“No no no,” I insist. “We’re not dressed for photos.”
After 20 minutes in line (a very reasonable amount of time- thank you Richmond Centre for your reservation system!), we’re finally the next family to meet with the Big Guy. While we’re waiting, Mrs. Claus asks Lucy and Sam about themselves; what they like to do, what grade they’re in, how many teeth they’ve lost. All the standard things you talk about with 7 year olds.
Then she asks us who would like to be in the photo with Santa. I told her just the kids.
“No,” she says. “You have to be in a photo too.”
“No, that’s okay ” says Mark, laughing a bit. We’ve only been in one Santa photo with Sam and Lucy, and that was out of necessity. (Lucy and Sam were 18 months old and screamed bloody murder when we tried to leave them on Santa’s lap.)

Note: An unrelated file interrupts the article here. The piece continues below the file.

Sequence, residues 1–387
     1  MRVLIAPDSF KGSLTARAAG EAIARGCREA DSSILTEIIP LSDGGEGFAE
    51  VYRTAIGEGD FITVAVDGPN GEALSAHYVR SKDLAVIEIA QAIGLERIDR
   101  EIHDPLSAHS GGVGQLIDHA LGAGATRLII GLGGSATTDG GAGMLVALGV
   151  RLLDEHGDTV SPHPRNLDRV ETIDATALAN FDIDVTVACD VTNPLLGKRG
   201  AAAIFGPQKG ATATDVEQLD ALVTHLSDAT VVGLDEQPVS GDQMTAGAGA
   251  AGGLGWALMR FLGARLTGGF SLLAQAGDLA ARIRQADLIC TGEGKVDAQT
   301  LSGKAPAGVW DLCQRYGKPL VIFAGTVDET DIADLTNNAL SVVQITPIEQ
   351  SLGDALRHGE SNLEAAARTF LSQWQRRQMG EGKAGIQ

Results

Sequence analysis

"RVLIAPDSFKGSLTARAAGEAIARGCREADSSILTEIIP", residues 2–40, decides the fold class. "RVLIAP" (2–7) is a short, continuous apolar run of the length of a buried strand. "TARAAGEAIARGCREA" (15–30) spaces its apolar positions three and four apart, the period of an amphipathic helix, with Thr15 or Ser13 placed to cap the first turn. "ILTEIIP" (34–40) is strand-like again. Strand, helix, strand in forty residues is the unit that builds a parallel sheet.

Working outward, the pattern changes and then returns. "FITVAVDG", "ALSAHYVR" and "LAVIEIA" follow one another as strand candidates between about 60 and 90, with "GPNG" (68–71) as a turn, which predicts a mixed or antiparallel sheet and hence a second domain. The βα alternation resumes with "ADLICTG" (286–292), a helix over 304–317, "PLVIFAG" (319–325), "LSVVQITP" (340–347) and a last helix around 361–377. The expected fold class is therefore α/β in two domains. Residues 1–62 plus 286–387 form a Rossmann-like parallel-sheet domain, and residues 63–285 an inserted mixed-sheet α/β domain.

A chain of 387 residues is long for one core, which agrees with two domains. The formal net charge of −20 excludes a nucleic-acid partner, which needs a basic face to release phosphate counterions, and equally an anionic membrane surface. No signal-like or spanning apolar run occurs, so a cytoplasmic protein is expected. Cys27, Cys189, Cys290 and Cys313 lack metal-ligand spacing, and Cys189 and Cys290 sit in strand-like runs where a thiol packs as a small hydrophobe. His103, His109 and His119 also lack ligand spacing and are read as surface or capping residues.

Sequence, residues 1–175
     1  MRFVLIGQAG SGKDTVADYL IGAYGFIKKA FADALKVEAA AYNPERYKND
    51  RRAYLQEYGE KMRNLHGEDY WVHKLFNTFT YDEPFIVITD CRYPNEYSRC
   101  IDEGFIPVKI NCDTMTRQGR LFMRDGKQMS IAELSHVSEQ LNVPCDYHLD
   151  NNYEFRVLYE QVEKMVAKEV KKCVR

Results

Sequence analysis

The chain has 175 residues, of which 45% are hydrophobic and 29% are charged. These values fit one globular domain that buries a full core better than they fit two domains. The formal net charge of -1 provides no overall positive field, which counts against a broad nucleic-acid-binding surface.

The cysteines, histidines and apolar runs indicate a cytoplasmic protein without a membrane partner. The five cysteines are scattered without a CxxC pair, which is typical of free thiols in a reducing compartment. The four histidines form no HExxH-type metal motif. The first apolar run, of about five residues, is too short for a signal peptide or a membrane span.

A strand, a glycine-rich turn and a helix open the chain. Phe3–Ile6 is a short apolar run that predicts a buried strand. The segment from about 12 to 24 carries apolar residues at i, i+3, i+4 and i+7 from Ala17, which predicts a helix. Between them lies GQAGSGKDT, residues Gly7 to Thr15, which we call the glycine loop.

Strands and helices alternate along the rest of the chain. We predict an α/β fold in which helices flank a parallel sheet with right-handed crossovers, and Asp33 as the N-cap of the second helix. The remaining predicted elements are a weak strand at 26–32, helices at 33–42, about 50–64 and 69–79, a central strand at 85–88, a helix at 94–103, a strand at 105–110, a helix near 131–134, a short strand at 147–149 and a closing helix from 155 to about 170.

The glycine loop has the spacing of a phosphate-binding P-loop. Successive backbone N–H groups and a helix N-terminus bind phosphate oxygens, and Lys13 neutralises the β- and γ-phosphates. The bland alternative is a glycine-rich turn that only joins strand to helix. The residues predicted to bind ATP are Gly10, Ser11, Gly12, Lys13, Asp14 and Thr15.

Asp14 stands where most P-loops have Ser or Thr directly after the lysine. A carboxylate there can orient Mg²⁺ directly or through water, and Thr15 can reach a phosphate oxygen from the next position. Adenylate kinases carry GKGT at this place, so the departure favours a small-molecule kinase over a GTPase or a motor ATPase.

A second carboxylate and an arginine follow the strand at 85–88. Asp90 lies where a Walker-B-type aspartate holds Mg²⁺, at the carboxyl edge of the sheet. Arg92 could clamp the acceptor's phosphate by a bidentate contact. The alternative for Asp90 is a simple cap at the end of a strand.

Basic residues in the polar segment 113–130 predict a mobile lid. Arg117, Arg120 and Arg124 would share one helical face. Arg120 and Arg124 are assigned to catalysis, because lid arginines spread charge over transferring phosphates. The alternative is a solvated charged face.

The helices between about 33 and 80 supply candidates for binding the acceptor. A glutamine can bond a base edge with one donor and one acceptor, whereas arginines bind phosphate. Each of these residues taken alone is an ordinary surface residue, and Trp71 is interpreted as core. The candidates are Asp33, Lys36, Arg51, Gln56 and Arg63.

Mrs. Claus looks at Mark then looks at me.
“No, we’re not dressed for photos,” I say.
“Yeah,” agrees Mark, looking down at his Captain America t-shirt.
Mrs. Claus stops moving and looks me right in the eye. “You have to be in a photo,” she says. “Look at them. They’re only this age once.”
As I looked at Lucy and Sam, all dressed up for their meeting with Santa, the looks of anticipation in their eyes, I realized she was right. The magic of Santa and his elves and his reindeer and Mrs. Claus and the North Pole… that magic is beautiful. And I want to hold onto it as long as I can.
I looked at Mark in his Captain America shirt. And I pictured myself in my wrinkled t-shirt, no make up and two-days-unwashed-hair, and I knew what we had to do. I knew the right thing to do….
We listened to to Mrs. Claus.